“In 2016, we bought the UK dealership for the handheld American Alpine Magnum stump grinder. As the sole importer of these grinders into the UK, we’re able to sell them to our Stumpbusters franchisees at significantly reduced prices.”
As well as specialist equipment, Taylor Made franchisees also get access to cut-price promotional items.
“Many of our franchisees use flyers and various other pieces of marketing material to promote their businesses,” Darren says. “We have a virtual ordering system set up whereby franchisees log in to a central portal and amend a pre-branded, pre-designed template, which is then printed and delivered to their door.
“The design and branding has already been done and naturally, as we are ordering repeatedly, we get a good price from the printers. This kind of marketing can be costly and time consuming for a single operator business.”
9. A lot of franchisors offer a protected territory as part of their franchise package
This means you can rest assured that the same business operated by another franchisee or the franchisor won’t pitch up next door, affording you a degree of security.
Protected territories are usually defined by postcode, population, demographics or geographical region and mean a franchisee can focus their efforts within a workable area.
Stuart Lee, director at Atlas Mapping, which provides franchise territory mapping services, says: “There are numerous benefits to both the franchisee and franchisor by offering protected territories.
“For the franchisee, it provides security and protection, so that franchisees don’t compete over the same customers. However, being part of a franchise network also comes with the benefit of allowing neighbouring franchisees to help where required.
“If a franchisor has also carried out appropriate due diligence or commissioned a professional mapping company to help with territory creation, it also ensures there are enough potential customers for the business to work.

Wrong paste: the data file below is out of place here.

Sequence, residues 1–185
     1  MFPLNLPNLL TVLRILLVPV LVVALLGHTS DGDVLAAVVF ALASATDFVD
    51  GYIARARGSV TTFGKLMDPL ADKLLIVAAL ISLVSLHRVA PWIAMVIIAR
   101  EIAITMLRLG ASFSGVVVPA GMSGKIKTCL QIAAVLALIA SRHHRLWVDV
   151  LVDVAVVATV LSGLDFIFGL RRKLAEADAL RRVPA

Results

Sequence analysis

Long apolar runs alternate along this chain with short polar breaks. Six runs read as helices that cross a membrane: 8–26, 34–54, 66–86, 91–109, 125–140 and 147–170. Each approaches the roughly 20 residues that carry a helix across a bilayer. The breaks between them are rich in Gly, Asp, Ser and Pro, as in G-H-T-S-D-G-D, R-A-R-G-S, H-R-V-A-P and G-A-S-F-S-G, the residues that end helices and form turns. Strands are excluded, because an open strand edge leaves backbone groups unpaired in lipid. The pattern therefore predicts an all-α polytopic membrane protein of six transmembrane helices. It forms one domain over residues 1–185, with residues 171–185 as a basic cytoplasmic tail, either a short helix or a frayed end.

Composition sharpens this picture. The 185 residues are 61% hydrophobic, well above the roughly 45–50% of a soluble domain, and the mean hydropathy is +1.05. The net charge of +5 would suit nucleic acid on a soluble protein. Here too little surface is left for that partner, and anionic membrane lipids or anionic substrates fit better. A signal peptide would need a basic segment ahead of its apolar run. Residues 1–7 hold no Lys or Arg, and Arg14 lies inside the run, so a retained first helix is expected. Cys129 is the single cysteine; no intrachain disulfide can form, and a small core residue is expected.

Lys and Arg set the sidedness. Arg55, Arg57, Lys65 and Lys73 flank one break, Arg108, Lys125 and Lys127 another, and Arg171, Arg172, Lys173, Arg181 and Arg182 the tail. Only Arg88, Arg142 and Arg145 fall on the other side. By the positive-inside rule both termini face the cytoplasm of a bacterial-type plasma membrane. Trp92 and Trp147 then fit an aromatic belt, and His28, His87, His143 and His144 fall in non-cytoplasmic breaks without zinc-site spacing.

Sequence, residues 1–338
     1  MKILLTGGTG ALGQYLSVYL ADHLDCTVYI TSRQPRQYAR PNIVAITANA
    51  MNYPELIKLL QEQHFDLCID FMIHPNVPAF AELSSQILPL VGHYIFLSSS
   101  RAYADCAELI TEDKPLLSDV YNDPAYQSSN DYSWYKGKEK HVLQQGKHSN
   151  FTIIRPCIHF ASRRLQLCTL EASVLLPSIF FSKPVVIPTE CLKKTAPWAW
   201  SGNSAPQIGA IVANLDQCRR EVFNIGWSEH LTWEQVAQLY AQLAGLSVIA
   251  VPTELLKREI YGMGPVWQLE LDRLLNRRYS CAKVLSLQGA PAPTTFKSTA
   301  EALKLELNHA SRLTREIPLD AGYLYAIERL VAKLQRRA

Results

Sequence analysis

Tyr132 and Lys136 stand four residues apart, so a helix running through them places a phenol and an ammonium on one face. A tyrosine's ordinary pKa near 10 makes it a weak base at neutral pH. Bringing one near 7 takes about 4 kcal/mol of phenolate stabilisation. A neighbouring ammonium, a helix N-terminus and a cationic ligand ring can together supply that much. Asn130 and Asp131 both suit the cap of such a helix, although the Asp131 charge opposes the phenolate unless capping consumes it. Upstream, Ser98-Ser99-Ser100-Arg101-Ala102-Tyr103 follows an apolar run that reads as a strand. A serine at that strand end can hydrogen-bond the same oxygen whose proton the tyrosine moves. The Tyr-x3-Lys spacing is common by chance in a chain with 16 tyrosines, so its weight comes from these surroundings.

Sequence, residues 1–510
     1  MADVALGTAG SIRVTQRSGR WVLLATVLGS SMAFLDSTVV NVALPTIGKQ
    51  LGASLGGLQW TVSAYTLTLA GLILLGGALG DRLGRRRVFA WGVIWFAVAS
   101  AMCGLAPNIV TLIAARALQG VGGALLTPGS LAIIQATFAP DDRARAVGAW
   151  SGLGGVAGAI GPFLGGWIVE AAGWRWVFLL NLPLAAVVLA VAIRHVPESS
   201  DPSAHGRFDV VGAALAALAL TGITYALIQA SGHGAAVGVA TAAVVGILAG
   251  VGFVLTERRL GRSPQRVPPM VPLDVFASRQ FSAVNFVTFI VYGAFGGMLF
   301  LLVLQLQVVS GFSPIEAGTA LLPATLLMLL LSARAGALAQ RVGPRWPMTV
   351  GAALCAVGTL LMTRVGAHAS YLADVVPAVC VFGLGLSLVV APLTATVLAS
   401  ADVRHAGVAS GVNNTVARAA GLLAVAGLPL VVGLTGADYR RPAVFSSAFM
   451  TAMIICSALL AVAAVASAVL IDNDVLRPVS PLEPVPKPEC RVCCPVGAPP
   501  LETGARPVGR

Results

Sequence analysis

“Be aware though that the most common mistake Atlas Mapping supports franchisors and franchisees with is that the territories awarded are too large. It’s easy to think that bigger is better, but actually, this can stretch franchisees too thin, leading to customers not being serviced and ultimately creating a strained relationship between franchisees and the franchisor.
“When territories are professionally created, they should make sure there is enough opportunity for a franchisee to stand a good chance of succeeding and also be serviceable. The specific factors for this depend on the business model being franchised and what the sales expectations of franchisees are.
“Territories should also take account of the local transport infrastructure and topography so that they remain sensible. It’s not ideal for all territories in a network to offer ‘the same’ opportunity, as this isn’t realistically possible. The population across the UK is not spread evenly, so it shouldn’t be expected that franchisee territories would be the same also.”
10. You have a valuable asset when the time comes to sell
Franchisees sell their businesses for a multitude of reasons, which is why ‘resales’ - where an investor buys an already established franchise rather than open a new one - are common in the UK (around 50 per cent of franchise brands offer resale opportunities, the bfa reports).
As well as being an accepted way of getting into franchising, the resale value of a franchise may be higher than an independent business of the same size.
Michael Bohan, director of Franchise Resales, a company that helps people buy and sell existing franchises, says: “A successful franchise resale, combined with the backing of a strong franchise brand, provides a much better return on investment. This is owing to the systems in place, the support on offer and the proven background.
“This is partly due in many cases to a franchise brand being much more well known nationally in comparison to an independent business.”